I’ve been working on the Government Relations Department Files for the past 6 weeks. There are about 120 bankers boxes of files, which break down into two subseries and three subsubseries. At this point in processing I can only say “about” 120 boxes for a number of reasons:
- The labeling of the boxes is a best guess, based on the inventory we have of what is off-site. After a quick survey of boxes in order to group them into the series and subseries that make themselves known once we can peak inside the boxes, the actual processing reveals evidence of whose files they actually are.
- About 75 boxes were labeled as coming from the office of Deborah Mark, the Director of Government Relations from 1991 to about 1998, although her files include earlier work from her 3 years working on legislative-related special projects under Executive VP Karl Zukerman; in fact some boxes were from the office of her predecessor, Phillip Saperia, and many files contained the work of a colleague, Michael Gendel. One box contains Gendel files from his years in US Operations, a separate division from Government Relations.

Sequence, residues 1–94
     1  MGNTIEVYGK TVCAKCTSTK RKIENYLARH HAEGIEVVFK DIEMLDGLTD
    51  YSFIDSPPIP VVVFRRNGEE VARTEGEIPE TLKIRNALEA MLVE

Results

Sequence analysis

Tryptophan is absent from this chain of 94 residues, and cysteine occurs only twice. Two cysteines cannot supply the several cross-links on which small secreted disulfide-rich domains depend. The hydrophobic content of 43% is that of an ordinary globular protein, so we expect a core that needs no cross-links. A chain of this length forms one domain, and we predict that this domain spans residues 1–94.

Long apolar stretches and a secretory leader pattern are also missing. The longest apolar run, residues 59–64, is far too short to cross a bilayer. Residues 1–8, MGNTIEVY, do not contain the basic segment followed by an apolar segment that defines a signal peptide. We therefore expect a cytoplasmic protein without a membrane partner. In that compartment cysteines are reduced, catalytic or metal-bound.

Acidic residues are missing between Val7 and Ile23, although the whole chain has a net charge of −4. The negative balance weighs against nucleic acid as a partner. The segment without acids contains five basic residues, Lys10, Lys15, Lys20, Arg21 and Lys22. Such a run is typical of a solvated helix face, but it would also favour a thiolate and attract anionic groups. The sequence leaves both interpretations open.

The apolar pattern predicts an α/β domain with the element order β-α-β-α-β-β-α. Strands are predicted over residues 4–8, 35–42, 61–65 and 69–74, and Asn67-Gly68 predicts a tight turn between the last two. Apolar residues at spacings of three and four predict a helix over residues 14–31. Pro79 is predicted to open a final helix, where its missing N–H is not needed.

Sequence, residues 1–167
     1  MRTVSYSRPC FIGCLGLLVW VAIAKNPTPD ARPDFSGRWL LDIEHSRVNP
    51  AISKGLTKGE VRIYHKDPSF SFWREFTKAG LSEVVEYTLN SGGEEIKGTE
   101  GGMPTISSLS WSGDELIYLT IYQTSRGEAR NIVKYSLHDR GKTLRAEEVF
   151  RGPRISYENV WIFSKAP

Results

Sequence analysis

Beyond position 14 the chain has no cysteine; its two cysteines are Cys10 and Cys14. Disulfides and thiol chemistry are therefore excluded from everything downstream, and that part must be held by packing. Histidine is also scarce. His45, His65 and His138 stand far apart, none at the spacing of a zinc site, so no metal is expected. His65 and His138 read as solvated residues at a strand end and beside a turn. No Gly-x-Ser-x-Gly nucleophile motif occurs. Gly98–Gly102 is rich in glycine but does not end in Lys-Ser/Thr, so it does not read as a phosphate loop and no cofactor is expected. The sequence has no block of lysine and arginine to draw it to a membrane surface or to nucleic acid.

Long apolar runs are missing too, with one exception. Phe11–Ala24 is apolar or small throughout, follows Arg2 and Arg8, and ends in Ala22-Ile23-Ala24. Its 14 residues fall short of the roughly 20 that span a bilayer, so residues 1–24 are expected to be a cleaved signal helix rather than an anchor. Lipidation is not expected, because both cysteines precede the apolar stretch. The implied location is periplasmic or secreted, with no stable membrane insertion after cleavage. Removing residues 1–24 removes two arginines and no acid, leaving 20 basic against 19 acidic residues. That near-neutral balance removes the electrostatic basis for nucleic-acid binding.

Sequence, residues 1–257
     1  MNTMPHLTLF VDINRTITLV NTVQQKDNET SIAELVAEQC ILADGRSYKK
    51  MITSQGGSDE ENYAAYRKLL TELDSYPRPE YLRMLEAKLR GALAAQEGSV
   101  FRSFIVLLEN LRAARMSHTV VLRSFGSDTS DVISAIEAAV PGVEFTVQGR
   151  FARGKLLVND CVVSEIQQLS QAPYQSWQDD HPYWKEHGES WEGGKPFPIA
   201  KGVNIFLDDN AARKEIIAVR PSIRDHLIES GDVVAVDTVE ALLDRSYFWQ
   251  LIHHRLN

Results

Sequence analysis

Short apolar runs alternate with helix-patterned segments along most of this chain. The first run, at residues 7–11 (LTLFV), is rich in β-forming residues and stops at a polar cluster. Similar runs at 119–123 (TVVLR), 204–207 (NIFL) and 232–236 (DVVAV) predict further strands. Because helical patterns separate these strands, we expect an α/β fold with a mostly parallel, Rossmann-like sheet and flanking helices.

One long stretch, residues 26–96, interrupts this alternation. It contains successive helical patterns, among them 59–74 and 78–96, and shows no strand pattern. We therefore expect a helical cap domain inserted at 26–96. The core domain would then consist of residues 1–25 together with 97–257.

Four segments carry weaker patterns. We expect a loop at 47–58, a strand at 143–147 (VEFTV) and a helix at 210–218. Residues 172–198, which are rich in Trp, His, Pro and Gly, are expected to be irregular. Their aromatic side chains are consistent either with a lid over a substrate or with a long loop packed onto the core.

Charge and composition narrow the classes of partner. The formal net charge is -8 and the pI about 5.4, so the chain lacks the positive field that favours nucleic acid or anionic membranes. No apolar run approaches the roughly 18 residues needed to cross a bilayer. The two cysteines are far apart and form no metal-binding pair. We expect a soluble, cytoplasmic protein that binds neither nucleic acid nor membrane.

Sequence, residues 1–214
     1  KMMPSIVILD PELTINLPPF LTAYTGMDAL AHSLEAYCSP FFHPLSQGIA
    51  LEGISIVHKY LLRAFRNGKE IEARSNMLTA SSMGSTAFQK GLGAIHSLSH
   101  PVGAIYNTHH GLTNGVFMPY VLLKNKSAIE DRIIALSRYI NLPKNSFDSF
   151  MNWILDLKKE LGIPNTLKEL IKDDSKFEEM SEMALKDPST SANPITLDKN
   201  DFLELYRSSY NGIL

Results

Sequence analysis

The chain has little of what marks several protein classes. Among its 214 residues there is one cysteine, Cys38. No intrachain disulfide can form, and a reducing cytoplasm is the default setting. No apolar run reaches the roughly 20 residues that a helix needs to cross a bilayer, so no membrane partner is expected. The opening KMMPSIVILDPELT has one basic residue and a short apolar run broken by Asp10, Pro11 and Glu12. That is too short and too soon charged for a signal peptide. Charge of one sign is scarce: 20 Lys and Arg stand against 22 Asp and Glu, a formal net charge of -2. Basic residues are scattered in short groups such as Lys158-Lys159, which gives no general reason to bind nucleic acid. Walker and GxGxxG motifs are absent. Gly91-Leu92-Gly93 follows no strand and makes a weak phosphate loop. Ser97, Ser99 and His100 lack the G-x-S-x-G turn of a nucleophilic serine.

- Ultimately the Deborah Mark files turned out to encompass 69 boxes; after processing was completed last week, largely because most of these 69 were only partially full when received, the final count is 35 boxes.
The two subseries are determined by the fact that there are files from both the New York office’s Government Relations Department (Deborah Mark and Phillip Saperia, predominantly), and the D.C. office.
Many interesting subjects are covered in these files, and I plan to write more about the content in future posts. For now, I just want to mention the first use/reference to e-mail I’ve noticed in these files. Below is a memoranda from 1990, on which Deborah Mark handwrote that she had commented on the memo to RH (Roberta Herch, then Assistant Director of U.S. Operations.) by “E” Mail.
Later in the 1990s e-mails were printed out and filed; if these messages had NOT been printed out and filed with the rest of Deborah’s subject files, they may very likely have been lost – who can access e-mail from the mid-1990s now? That’s a subject of its own, that archivists everywhere are still dealing with.